Digital Literacy

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Scientific Image Sleuth Works Magic

You’ve most likely had the discussion with your children not to believe everything they read on the Internet, and especially with the digital world that we are in, that you cannot believe everything you see. Image manipulation has become commonplace and has become increasingly common in scientific research as well, with images duplicated, manipulated and/or "borrowed" from other data sets. Elisabeth Bik has become one of the world's preeminent image sleuths because of her amazing ability to spot fraudulent images that accompany scientific research. A recent article talks about her unique skill set, how she got into the field, and how her sleuthing capabilities have become so prized. It may make you think that we all need to pay more attention to what we see online. Could you be an image sleuth? The article includes an interactive test you can take to see if you can spot 5 duplicated images.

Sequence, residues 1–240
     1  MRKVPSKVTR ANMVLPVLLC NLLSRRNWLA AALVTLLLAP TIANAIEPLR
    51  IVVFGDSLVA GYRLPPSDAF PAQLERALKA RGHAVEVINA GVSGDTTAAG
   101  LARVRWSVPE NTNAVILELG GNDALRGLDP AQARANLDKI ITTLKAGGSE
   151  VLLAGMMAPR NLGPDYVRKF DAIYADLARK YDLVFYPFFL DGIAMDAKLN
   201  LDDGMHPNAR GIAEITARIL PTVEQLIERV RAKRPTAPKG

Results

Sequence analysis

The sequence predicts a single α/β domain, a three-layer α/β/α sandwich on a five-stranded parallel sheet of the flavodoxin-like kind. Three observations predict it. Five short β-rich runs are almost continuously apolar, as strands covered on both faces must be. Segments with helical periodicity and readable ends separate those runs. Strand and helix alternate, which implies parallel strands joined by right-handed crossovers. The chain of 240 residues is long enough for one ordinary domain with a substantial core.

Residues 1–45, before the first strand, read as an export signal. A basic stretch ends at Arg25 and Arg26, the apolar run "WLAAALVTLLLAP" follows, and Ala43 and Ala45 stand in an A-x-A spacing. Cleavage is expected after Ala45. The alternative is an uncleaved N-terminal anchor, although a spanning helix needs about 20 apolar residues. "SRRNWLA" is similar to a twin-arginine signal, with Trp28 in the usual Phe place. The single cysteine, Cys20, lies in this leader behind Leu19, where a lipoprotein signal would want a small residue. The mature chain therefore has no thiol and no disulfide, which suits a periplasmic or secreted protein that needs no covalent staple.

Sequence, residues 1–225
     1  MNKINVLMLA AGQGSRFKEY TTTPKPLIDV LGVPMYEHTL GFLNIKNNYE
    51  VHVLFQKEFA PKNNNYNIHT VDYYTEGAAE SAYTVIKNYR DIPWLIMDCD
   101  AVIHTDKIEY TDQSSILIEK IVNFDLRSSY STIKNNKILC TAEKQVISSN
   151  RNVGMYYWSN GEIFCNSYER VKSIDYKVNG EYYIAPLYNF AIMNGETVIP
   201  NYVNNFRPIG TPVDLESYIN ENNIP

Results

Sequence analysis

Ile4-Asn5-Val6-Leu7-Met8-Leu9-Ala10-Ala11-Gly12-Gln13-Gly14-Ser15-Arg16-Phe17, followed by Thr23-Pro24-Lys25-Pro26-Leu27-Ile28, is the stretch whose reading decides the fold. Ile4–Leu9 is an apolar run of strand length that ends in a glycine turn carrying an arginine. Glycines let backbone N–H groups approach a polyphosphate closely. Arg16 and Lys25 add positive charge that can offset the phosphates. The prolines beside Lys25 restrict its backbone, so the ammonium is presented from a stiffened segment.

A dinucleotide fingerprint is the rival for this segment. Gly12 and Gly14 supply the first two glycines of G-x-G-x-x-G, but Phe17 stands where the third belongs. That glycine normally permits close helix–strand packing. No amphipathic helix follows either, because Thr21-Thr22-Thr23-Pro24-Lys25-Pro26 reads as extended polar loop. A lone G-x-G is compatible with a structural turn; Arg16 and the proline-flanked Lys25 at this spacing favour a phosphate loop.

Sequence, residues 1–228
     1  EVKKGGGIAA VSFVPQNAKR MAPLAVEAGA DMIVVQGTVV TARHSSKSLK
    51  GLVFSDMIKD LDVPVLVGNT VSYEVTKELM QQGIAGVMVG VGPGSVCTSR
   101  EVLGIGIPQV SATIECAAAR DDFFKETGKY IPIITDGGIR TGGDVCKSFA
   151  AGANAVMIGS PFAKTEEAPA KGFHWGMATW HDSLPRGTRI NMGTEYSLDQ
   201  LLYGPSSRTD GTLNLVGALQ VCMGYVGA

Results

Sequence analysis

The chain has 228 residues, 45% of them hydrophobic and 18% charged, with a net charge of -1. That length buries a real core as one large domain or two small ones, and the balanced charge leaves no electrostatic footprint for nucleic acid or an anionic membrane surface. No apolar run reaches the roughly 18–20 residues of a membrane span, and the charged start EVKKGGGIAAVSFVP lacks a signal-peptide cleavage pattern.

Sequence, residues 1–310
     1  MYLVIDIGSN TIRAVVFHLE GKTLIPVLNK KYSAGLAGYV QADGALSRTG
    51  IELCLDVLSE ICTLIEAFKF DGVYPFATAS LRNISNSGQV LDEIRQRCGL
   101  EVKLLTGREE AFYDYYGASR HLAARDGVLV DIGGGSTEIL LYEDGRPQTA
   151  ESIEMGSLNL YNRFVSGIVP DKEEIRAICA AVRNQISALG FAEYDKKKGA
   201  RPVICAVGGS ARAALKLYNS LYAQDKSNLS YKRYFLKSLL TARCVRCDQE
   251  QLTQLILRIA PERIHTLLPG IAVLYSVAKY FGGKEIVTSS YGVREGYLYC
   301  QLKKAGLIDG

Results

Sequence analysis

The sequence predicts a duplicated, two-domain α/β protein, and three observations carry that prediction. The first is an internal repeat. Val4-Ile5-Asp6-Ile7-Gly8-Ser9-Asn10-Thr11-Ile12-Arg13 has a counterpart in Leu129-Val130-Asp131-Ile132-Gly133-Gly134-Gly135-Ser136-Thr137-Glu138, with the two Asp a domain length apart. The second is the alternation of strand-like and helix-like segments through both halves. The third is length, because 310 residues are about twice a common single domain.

Facebook Releases New Digital Literacy Resources for Parents and Kids

With school closures and COVID-19 lockdowns, kids are spending a lot more time online, increasing the risk of them stumbling into dark corners of the Web. Add to this the fact that many parents are also now working from home, and unable to supervise what their children are doing, and the problem grows exponentially. In order to help, Facebook has recently launched a new education resource for kids, parents and educators that aims to "provide lessons and resources to help young people develop the competencies and skills they need to more safely navigate the Internet". The new initiative - called simply 'Get Digital' - includes several dedicated education areas, each of which features a video overview, and links to a range of tools and resources to help improve digital literacy.

Kids, Technology and Staying at Home